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As the universe evolves, gravity pulls small structures together to assemble larger structures (i.e. hierarchical growth). Within the numerical simulation, such “halos” are typically identified using a Friends-of-Friends (FoF) algorithm which detects gravitationally bound systems of particles and determines their properties (e.g. Davis et al. 1985; Springel et al. 2001; More et al. 2011). Structures within structures (i.e. sub-structures) can be found using a variety of methods . TAO uses the Rockstar algorithm to find sub-halos (e.g. Springel et al. 20052001;Behroozi, Wechsler & Wu 20112013). Such sub-halos are typically expected to host smaller satellite galaxies; the evolution of these satellite galaxies is greatly influenced by the central galaxy and its host dark matter halos. More massive halos accrete less massive halos, along with their galaxies. These galaxies will eventually merge with the more massive central galaxy.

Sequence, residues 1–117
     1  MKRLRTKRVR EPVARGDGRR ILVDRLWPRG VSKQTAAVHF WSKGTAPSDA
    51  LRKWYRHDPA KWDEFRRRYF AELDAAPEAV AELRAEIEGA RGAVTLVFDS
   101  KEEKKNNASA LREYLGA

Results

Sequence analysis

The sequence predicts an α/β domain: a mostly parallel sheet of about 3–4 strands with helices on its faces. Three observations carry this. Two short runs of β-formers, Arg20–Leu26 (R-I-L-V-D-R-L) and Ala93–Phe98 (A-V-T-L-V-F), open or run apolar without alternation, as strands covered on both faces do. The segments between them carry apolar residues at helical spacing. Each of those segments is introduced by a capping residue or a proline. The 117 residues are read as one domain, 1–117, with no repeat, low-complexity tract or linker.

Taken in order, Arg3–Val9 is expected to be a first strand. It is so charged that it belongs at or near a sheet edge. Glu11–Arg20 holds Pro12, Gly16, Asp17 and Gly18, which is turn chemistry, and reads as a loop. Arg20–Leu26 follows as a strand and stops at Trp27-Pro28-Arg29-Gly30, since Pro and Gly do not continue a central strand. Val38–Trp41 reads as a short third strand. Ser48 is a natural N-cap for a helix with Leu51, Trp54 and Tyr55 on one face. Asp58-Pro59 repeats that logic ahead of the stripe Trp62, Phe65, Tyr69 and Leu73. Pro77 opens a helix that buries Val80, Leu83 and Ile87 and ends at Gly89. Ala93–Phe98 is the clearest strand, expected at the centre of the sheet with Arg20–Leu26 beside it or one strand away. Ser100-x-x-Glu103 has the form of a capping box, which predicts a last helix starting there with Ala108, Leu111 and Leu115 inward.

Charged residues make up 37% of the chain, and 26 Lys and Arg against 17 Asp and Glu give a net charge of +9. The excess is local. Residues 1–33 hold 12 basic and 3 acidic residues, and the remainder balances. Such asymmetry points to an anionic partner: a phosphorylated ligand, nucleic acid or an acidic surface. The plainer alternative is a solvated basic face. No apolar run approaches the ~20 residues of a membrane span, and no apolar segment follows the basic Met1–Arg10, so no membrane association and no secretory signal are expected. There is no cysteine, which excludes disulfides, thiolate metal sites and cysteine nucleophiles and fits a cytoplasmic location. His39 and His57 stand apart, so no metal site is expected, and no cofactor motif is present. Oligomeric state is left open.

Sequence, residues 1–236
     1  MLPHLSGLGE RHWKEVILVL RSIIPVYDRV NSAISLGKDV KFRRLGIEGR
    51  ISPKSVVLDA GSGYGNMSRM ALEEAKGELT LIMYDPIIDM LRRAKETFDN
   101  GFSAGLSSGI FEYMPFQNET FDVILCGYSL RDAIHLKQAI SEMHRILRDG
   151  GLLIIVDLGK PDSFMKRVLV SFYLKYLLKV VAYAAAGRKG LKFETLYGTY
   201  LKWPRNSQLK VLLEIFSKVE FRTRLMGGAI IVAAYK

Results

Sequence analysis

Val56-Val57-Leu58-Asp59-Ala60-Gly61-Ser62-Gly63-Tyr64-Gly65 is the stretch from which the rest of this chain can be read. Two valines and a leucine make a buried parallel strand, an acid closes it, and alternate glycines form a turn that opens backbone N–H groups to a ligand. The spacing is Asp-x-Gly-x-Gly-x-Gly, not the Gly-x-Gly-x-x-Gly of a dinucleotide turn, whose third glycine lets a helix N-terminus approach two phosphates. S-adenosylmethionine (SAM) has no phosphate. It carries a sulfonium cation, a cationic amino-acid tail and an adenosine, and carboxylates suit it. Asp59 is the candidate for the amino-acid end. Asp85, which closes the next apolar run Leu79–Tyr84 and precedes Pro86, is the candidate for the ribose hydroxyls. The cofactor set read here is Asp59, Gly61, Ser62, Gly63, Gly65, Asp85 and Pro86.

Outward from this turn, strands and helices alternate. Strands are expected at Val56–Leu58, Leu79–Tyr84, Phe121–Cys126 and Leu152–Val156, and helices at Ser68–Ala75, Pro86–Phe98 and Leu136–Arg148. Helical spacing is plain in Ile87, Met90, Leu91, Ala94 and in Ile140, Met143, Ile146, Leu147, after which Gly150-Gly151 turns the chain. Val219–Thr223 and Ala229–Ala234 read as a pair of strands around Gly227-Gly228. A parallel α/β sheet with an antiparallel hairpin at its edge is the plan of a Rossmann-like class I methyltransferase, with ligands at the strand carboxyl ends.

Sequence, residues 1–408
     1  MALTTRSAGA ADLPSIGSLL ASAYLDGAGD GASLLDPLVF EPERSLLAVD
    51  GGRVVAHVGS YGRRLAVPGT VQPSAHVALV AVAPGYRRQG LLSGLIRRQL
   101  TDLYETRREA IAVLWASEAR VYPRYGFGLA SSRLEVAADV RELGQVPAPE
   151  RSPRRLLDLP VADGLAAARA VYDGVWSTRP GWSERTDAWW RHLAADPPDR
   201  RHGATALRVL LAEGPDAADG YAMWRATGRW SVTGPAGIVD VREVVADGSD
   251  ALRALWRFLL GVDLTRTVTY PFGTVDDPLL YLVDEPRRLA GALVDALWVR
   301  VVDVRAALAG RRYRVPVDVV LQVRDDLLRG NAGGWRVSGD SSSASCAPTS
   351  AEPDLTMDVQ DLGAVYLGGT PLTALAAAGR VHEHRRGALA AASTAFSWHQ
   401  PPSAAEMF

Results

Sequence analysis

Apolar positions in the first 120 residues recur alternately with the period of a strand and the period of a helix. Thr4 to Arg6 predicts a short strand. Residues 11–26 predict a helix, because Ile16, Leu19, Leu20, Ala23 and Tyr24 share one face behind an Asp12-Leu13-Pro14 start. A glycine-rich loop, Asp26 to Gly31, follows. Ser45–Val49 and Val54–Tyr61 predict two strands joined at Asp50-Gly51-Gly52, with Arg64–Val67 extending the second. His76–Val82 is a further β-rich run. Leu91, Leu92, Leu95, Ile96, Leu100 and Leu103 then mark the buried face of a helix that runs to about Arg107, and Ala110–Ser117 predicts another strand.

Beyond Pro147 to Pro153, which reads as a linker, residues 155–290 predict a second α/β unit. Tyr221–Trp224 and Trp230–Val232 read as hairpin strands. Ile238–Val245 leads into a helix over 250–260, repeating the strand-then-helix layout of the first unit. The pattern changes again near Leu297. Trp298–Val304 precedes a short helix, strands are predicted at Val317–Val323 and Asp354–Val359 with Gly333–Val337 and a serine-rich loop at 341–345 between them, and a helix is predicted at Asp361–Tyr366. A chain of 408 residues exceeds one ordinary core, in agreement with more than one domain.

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This information, calculated across all time-steps in a simulation for a particular object, defines its merger tree. The collection of such trees is then used as input to construct a galaxy formation model. An example halo merger tree from the Millennium Simulation (Springel et al. 2005) is shown here. Here, the top panel shows the tree itself for a 1.9 × 1013 Msun halo at z = 0 (assuming h = 0.73), while the corresponding mass growth history with time is shown in the lower panel.

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